Switzerland is also now an independent regulatory country, but their new requirements closely follow the MDR, so Swiss compliance will be relatively straightforward for MDR-approved products.

In our experience, companies are focusing on the EU first and launching their products in the UK and Swiss markets before the transition period ends. Then the next step will be to comply with those countries’ regulations.

Given this landscape, how should companies set their regulatory priorities, especially with their first product launch?

Mercè: First, you must understand how your device will be classified in each region based on their regulatory framework because their rules differ. The device classification impacts the requirements you need to fulfill.

Based on the classification, it is crucial to prepare a complete regulatory strategy covering all the regulatory requirements applicable and drafting all the scenarios that could apply for the development of your product in the EU, then compare it with the US and other regions of interest. The scenarios should include the regulatory requirements, opportunities, risks, and benefits for each market, including timelines and testing requirements.

A major factor in setting regulatory priorities is the evidence you have from clinical trials and other activities, including data you have gathered in other countries. Assess the evidence package you have from different points of view – regulatory, medical, biostatistics – and determine the gap between what you have and what you need to meet the regulatory requirements for the markets you want to enter.

You can populate your regulatory strategy with all this information and then plan the pathways to regulatory approval in the different markets.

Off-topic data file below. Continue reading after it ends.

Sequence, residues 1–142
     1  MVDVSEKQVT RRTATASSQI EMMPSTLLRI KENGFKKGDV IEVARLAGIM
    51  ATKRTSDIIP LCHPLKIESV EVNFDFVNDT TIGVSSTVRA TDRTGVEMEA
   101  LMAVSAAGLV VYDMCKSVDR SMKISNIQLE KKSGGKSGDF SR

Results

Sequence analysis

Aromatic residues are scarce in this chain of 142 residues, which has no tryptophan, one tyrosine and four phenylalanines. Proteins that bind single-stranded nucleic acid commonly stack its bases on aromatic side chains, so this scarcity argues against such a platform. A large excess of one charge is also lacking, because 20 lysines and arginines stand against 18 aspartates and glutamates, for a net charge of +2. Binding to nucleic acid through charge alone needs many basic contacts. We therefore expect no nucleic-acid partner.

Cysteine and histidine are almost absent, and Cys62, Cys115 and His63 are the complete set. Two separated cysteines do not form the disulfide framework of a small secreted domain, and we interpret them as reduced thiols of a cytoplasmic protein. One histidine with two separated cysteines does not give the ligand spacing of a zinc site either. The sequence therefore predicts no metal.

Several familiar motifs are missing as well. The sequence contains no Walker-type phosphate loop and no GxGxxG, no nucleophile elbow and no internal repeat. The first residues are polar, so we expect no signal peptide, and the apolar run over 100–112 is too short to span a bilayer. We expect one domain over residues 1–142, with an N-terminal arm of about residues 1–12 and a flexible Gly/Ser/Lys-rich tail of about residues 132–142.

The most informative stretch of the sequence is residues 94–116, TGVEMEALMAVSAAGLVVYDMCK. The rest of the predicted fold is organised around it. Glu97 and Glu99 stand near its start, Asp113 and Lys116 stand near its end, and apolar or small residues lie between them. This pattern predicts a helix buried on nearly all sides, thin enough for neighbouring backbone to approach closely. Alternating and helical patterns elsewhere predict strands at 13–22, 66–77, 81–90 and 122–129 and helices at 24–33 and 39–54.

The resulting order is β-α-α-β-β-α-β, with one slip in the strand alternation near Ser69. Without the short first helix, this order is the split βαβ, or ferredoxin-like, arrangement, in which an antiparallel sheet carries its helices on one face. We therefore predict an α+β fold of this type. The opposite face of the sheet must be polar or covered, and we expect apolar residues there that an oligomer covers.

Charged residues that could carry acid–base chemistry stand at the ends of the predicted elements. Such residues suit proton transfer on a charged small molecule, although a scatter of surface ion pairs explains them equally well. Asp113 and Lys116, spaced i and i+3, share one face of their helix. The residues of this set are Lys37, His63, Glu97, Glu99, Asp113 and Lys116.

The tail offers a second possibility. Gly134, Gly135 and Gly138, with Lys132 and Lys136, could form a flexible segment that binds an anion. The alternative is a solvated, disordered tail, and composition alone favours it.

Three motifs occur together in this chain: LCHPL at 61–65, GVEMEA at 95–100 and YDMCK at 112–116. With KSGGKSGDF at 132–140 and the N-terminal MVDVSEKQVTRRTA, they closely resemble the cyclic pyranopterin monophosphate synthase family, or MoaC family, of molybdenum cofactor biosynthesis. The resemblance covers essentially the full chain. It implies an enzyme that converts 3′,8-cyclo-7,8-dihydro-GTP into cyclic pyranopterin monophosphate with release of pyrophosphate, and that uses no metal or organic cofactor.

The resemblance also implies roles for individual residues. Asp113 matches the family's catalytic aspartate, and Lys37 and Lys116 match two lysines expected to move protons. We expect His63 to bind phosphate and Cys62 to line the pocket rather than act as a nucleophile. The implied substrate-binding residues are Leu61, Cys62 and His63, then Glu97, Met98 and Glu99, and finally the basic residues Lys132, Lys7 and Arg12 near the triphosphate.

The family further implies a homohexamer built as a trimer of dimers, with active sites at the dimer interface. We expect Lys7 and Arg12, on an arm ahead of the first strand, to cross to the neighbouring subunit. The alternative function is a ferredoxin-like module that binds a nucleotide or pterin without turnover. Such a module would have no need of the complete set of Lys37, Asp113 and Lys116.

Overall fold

Of course, while regulatory issues are a major factor in your overall strategic approach, we highly recommend that you consider a market access analysis to understand the price and reimbursement (P&R) possibilities of the device in each market. To find the best market to enter with the highest likelihood of P&R success, your combined market access analysis and regulatory analysis will inform your decision.

What do companies with FDA approval for their products need to know about the EU environment?

Mercè: In addition to understanding the MDR, companies looking to launch in the EU need to know how to work with the Notified Bodies and the specificities of the EU Regulatory environment. While the FDA is a single entity that conducts many activities related to product development, including clinical trials and device approvals, the EU currently has more than 40 Notified Bodies, which are private entities focused specifically on device approvals. Not all Notified Bodies review all types of devices, so you may need to contact many of them to find out if they can evaluate your device. You also need to communicate with them about their costs, administrative procedures, and in particular, their availability and expected timelines for the evaluation.

Also, if you’re just starting clinical trials in the EU, you need to be aware that while the framework of the MDR is the same for all EU countries, the administrative procedures for each of the National Regulatory Agencies are different. And if you have a multi-country clinical trial, you need approval from each country in which the trial will be held.

You should learn about the EU environment early on so that your expectations are clear and you fully understand the landscape, the different bodies you need to work with, and the steps you must follow. You’ll want to integrate your planned regulatory interactions into your product timeline and overall strategic priorities.

What should a medtech company with a new product do first?

Mercè: If you’re launching a new product, you naturally want to have maximum success in the right markets as soon as possible. To achieve your goals in this evolving regulatory environment, you need not only a comprehensive regulatory strategy but also a comprehensive clinical and market access analysis.

Our clinical, regulatory, medical strategy, biometrics, real-world evidence, and market access experts can guide you through the often-daunting process of prioritizing your target markets.